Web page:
I set off in the water with mask and snorkel. Even though I've been diving, I've never snorkeled, and it wasn't nearly as sunny when we dove. And how spectacular! So many fish! Blue, yellow, silver, striped, big, small. The only life I could recognize from Pete's marine life picture book was the brain coral, tube sponge, and spiny sea urchin. Fortunately, he got some great underwater pics. Here's his photo of a school of blue tangs. There's a spiny sea urchin on the left corner. If you step on them, the spikes are impossible to remove and you have to wait for them to dissolve in your body.

Monday, June 8, 2009

beachbumming in the USVI

Tomorrow (more accurately, 2 a.m. tonight...) Ian and family and I will be setting off for their yearly vacation to the US Virgin Islands. This will be the first time going away without having to worry about virtually anything (thanks G & J!!!). No hostel reservations, no language barriers, no conferences... a genuine "vacation."

I don't know much about the USVI, and maybe it's ignorant to say that I don't know if there's much to know, because I only picture it as some kind of idyllic place as presented in all the pictures. I never met anyone from the Virgin Islands, and know nothing about what it's like to live there. I've heard of an "island culture" that consists mainly of Calypso music and spicy food. Naturally I'm curious to know how much of it really is about Calypso, spicy food, and peace and love, but since it is a vacation, I will allow opportunities for such insight to come to me more casually than not.

For better or worse, I don't think that culture tends to be the main selling point of the islands, and it's certainly not our reason for going. The pictures speak for themselves. I am imagining it as being Tayrona x 10, at least area wise, but with internet and cell phone access.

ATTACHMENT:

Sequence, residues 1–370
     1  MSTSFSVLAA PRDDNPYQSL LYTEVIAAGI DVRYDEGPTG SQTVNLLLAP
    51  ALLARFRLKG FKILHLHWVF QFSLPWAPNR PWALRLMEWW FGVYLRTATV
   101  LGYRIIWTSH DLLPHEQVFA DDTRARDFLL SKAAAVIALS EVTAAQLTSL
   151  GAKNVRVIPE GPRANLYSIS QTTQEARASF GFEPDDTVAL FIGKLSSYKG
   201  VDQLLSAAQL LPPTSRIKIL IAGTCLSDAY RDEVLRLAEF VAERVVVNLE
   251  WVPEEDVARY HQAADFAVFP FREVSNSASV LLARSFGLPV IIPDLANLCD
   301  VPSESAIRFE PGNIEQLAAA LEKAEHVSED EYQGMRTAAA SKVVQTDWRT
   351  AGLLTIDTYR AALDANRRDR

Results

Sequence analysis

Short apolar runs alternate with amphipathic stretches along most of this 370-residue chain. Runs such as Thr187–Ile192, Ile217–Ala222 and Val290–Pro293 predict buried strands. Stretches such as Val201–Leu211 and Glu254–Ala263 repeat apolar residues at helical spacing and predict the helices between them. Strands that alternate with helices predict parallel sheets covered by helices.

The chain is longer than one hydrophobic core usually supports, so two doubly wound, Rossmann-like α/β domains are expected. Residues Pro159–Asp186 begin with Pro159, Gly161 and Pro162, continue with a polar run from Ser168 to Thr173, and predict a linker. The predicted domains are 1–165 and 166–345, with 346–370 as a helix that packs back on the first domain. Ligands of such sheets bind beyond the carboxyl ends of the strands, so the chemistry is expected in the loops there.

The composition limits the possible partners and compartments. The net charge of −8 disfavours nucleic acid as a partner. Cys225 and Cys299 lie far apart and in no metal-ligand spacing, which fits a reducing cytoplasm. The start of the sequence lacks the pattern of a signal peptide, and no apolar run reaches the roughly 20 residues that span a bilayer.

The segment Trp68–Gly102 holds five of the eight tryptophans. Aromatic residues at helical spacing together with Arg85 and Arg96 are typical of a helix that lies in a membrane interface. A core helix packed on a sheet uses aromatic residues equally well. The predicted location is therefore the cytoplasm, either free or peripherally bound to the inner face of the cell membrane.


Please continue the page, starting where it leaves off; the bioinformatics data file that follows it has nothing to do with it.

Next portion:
We'll be staying on the island of St. John. Ian and I, after our intro to SCUBA in Colombia, will be looking to get our Open Water diving certification. Most of St. John is national park land, which will give us some other outdoor explorations to do. Other than that, it's eat, sleep, beach, snorkel, Mating (the book! - see below), and iPod. Will hopefully be posting pictures!

P.S. the above pic, Trunk Bay on St. John, is not mine.....

Friday, June 5, 2009

on feeling useful

On the SEPTA bus. A tall, white man with glasses walks on. Jeans, t-shirt, and a backpack. The bus driver tells him the fare. He pulls out his wallet, and after sifting through it, he asks the bus driver for change, which no SEPTA bus has. I also detect an accent from where I'm sitting. The bus driver lets him go with a dollar and coins.

You're not from around here, are you? I ask. Cliche, but, in the spirit of everyone else who has helped me in the same circumstance, that is, being disoriented in another country, I couldn't resist. I figure now is a good time to return the karma.

I learn he's a German scientist touring the area in the days he has free before a conference downtown. Today he's looking to visit Valley Forge Park. He's equipped with maps and bus schedules, like the good European travelers who seem to be so much more directionally gifted than myself. He has a strong accent, and struggles just a bit to speak and hear English clearly. The funniest part was when he asked if I could tell when he got on the bus that he was not from here. To which I said that, aside from barely hearing his accent from that distance, most people who live in Philadelphia know that SEPTA buses don't have change, so at least he wasn't from the city.